These days, it seems the best time to make money from your music is if you’re very old – or even better, already dead. Such a sentence might well sound ridiculous on the face of it, but a quick look at the trends in the music business today confirms it.

Look at the number of publishing companies and record labels buying the rights to decade old music – in house music, even the likes of Defected are doing it. Look at the amount of music being streamed online that’s called catalogue material. And look at the number of vinyl LP reissues of material from many years ago.

The investment is all going into old music, at the expense of new material. We’re now seeing an entire industry which seems determined to destroy itself – exactly what happens when all the old music has been milked dry and there are no new cash cows in the pipeline? The Honest Broker covered all this in a lot of detail recently.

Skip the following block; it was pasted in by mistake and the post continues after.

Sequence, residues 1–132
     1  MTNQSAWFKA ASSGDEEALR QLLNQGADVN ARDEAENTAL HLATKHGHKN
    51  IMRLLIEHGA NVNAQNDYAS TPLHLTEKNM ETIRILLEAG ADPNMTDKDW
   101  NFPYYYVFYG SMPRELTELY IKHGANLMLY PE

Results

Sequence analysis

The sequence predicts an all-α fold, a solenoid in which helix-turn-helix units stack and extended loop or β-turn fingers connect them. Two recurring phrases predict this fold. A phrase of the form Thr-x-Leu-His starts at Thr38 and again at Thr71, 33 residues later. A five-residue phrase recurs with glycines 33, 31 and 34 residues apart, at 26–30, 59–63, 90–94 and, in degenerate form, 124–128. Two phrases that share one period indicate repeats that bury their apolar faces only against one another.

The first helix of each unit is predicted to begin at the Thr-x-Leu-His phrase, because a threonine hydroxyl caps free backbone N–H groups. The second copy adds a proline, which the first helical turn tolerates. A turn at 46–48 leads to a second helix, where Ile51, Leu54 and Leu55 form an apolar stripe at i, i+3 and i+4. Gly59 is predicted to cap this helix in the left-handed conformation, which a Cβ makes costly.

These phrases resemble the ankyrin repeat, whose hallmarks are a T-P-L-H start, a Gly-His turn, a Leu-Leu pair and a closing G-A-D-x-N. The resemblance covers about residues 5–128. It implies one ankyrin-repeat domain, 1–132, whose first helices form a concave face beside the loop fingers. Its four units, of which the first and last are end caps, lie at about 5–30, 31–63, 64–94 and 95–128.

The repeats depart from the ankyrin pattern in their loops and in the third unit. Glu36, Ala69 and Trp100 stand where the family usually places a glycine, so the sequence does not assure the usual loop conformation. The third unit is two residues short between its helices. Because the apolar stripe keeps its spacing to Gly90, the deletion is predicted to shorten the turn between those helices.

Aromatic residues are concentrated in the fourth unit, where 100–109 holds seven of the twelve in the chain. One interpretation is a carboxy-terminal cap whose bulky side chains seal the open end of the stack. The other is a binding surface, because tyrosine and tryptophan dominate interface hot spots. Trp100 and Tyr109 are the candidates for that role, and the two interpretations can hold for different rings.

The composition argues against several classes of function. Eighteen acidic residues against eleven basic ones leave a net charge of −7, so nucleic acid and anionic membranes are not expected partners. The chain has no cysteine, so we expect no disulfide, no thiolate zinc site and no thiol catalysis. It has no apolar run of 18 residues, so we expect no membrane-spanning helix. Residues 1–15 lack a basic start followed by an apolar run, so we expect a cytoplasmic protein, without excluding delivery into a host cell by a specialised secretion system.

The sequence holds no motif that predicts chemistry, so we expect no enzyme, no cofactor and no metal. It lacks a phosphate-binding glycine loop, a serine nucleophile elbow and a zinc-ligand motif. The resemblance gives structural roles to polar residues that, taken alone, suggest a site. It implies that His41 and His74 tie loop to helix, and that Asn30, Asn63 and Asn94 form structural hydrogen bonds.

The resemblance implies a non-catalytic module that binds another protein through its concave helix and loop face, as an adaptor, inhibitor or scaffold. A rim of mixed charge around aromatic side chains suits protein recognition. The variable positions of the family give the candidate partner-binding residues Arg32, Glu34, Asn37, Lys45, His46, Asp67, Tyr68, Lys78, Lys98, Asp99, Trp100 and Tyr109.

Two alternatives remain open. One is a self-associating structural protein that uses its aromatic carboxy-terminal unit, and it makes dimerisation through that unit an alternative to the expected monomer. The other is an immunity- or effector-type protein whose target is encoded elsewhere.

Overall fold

But one particular section of this post intrigued me – and this was the bit about deepfakes and holograms. This is yet another possibility that the Metaverse offers. Never got to see the likes of David Bowie and Freddie Mercury in concert when they were alive? Through virtual reality, a realistic experience could be created.

The fact someone’s dead has never stopped the music industry from trying to make a profit out of them. Whenever a popular artist passes away, the vinyl reissues or Best Of compilations are never far away. Software could now monitor footage from concerts filmed whilst they were alive and replicate it very successfully. Deepfake technology means this could be even more lifelike.

Anyone who never saw Freddie Mercury in concert might well get very excited at this prospect – not to mention anyone who owns the rights to his music in any form. But for new musicians, this could be yet another hammer blow. Not only would they have to compete on streaming platforms, they’ll also have to compete with their hologram concerts too.

Isn’t it time a serious conversation was had about the possibilities of the Metaverse? This blog certainly thinks so…